As Pittsburgh’s restaurant scene booms, it’s creating a host of downstream economic activity for local cooks, farmers and … blacksmiths?
“With the growth and development of the restaurant and bar scene in Pittsburgh, you end up with the growth and development of a number of other industries,” says Nick Volpe, a metalworker and designer at Temper and Grit. “And we’re rising to the occasion.”
Working out of his shop in 7800 Susquehanna Street, Volpe has created fixtures for a number of notable eateries in the last several years, including movable metalworks for Superior Motors and the TRYP Hotel. And he’s far from alone.
Thanks to a robust network of support and a burgeoning arts and crafts sector, makers and restaurateurs across the city are teaming up.
“Restaurants and breweries are natural partners for makers,” says Adam Kenney, director of the craft business accelerator at Bridgeway Capital. “They want interesting fixtures and finishes to make their venues truly unique destinations.”
For some long-time Pittsburgh artisans, the growing local interest in their work comes as a pleasant surprise.
Potter Francis DeFabo has been contacted by restaurants outside the area for many years. But “in the last two years, it seems to be really taking off in the Pittsburgh area,” says DeFabo, a full-time potter since 2011. “It’s remarkable.”
Riverside Design Group, based in East Pittsburgh, opened in 1996. Mary Irwin-Scott, the company’s president, recalls spending years making their artisanal dishes for clients far outside of Western Pennsylvania.
“It made me laugh years ago when we would make product here and ship it to China or to England,” she says. “While I do believe our product is unique and beautiful, I couldn’t believe there wasn’t somebody in a Hong Kong neighborhood who couldn’t provide a similar product.”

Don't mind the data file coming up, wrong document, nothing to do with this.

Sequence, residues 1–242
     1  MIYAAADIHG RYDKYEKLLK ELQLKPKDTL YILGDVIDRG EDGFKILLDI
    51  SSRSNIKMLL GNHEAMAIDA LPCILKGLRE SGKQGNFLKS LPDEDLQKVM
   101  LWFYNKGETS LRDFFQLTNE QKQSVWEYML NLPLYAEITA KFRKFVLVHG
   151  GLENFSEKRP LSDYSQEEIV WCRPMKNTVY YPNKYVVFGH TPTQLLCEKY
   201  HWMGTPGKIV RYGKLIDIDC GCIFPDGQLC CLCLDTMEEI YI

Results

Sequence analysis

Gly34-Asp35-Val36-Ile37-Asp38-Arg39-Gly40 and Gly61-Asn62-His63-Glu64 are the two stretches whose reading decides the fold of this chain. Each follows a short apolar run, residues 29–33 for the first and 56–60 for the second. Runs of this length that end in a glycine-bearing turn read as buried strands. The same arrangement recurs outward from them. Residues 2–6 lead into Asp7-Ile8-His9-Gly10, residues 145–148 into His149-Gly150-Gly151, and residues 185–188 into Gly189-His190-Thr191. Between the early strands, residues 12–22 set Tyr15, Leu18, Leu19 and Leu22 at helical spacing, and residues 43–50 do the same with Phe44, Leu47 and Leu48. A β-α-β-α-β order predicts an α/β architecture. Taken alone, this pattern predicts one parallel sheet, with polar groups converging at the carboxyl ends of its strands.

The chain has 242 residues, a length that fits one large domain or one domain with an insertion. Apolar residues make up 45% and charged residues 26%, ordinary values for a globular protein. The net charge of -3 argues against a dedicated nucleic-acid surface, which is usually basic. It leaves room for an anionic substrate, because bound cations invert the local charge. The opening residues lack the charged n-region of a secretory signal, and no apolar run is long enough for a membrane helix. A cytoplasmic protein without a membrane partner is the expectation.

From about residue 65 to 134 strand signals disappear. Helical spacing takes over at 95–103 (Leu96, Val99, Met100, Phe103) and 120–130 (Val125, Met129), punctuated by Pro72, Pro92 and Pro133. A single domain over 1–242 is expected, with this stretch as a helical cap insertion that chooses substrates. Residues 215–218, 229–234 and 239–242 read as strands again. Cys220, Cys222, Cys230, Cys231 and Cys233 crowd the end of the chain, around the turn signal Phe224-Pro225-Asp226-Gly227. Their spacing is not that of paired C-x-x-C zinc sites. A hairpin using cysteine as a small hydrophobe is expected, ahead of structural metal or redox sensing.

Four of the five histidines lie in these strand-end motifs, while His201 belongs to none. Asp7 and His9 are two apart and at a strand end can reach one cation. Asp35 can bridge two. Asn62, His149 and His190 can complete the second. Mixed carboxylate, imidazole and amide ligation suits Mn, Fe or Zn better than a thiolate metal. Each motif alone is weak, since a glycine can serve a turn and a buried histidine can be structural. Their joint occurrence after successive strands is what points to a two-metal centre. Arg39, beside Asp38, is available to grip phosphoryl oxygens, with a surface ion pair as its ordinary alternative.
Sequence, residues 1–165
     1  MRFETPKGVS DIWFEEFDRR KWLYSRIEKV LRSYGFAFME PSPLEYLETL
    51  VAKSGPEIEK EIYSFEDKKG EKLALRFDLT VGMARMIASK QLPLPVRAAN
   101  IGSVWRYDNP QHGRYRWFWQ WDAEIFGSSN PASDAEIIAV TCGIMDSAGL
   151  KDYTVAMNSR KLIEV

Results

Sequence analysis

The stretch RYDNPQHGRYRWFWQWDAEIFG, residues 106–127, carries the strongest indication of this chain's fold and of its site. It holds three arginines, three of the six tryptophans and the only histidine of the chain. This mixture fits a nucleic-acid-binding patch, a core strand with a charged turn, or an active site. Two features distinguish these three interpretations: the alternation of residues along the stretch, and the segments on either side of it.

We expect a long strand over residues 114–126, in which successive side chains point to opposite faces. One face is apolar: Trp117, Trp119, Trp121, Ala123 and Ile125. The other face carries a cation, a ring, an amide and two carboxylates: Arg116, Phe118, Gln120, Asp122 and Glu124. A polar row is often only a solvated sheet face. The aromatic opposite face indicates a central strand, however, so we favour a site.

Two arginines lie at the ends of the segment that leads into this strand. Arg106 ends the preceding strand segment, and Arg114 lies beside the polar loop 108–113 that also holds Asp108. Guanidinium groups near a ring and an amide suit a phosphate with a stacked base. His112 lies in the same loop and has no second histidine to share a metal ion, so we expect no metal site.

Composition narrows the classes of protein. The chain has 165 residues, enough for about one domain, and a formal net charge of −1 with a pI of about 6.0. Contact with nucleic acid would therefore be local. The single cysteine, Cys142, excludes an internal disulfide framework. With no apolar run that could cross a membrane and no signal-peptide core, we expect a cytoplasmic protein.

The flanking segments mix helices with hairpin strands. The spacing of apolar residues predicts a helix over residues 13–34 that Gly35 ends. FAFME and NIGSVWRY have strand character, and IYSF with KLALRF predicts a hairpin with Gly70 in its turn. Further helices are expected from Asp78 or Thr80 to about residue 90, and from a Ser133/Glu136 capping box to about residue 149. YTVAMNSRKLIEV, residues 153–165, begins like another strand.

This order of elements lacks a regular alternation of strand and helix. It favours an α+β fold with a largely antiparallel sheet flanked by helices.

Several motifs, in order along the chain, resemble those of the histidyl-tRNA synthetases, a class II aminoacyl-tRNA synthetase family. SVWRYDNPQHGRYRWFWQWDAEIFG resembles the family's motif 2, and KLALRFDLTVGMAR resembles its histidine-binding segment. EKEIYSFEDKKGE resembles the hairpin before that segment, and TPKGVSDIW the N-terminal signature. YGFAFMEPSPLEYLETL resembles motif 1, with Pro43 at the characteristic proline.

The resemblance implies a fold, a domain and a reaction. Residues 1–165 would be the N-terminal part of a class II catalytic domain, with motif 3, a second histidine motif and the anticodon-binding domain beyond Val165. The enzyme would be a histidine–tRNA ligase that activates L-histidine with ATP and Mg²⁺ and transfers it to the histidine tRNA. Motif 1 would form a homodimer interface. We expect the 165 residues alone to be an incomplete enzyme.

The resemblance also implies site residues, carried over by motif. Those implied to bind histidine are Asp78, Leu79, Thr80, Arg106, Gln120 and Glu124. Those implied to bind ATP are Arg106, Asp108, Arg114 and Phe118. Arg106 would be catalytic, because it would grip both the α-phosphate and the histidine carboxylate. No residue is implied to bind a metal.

Of course, a handful of local restaurants were ahead of the curve. The big Burrito restaurant group, which includes long-established favorites like Casbah and Mad Mex, has always included work by local artists and makers at their locations. “Since the inception of big Burrito that has been a piece of our mission,” says Bill Fuller, big Burrito’s corporate chef.
Speaking with NEXTpittsburgh, several different crafters and restaurateurs say the shift in Pittsburgh is just one part of a broader change in consumer tastes.
“At this point and time, almost every restaurant is trying to tie some local people to the concept,” says Joey Hilty, co-owner of The Vandal in Lawrenceville. “Not only is it practical, it’s also on-trend to work within your community as much as you can, whether that’s sourcing food from farmers or getting a local creator to make your dining room seating.”
They also say Pittsburgh, in particular, is well-suited to capitalize on the trend.
“It depends on what your resources are in the area,” says Chris Clark, general manager of Superior Motors in Braddock. “It just so happens that Pittsburgh is an extremely rich resource for artists.”